Ulus & Awards

For athletes at the Arctic Winter Games, there is no greater thrill than winning an ulu. The medal’s name and shape are borrowed from the all-purpose knife traditionally used by the Inuit. Ulus are awarded in bronze, silver, and gold; recognizing the hard work and commitment of athletes with a unique memento from the North.

For many of the sports featured in the Arctic Winter Games, medals are awarded at individual sport venues as winners are determined. Traditional ‘Medal Rounds’ will occur in only five of 21 sports; basketball, curling, hockey, soccer, and volleyball.

The Hodgson Trophy

Despite the obvious importance of a competitive spirit in athletic competitions, the Arctic Winter Games have always emphasized fair play over the need for victory. Since its introduction in 1978, the Hodgson Trophy symbolizes the ideals of fair play and team spirit, and is awarded to the participating contingent who best embodies those ideals. Team members also receive a unique pin in recognition of this accomplishment.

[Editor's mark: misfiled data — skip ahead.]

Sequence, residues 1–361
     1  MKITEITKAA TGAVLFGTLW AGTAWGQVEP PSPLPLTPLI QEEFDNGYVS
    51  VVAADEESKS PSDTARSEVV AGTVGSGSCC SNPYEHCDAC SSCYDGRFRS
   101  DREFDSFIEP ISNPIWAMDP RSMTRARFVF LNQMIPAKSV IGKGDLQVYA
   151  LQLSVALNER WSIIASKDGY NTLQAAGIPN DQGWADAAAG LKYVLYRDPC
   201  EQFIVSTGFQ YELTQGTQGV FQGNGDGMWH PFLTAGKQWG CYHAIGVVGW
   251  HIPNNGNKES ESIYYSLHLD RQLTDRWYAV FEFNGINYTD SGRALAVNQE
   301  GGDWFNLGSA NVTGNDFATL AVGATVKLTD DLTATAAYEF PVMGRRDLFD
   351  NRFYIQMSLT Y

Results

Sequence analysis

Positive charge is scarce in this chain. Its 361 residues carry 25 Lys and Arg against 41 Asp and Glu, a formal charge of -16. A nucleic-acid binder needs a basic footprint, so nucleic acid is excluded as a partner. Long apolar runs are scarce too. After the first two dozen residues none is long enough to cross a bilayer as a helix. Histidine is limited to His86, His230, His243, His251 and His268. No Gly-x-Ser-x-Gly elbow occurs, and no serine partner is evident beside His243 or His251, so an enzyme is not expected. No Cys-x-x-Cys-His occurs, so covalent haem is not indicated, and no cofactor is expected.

Donated by Commissioner Stuart Hodgson, this distinctive trophy is a one-of-a-kind piece of Inuit artwork from the Canadian Arctic. Its main feature is a six-foot high narwhal tusk mounted on a soapstone base and decorated with scrimshaw. A carved walrus wraps itself around the tusk at the base, and a carved bear clings to the tusk’s upper reaches, symbolizing the efforts of participants to reach for the top through their endeavors.

Votes from mission staff, registered coaches, major officials from each sport, Arctic Winter Games International Committee members, registered media, and the President, General Manager, and Sport Manager for the Host Society are tallied to award the trophy in a ceremony that highlights each Arctic Winter Games.

Previous Winners:

1978 – Alaska
1980-88 – Yukon
1990 – Alaska
1992 – Northwest Territories
1994 – Greenland
1996 – Northwest Territories
1998 – Yukon
2000 – Nunavut
2002 – Greenland
2004 – Nunavut
2006 – Alaska
2008 – Nunavut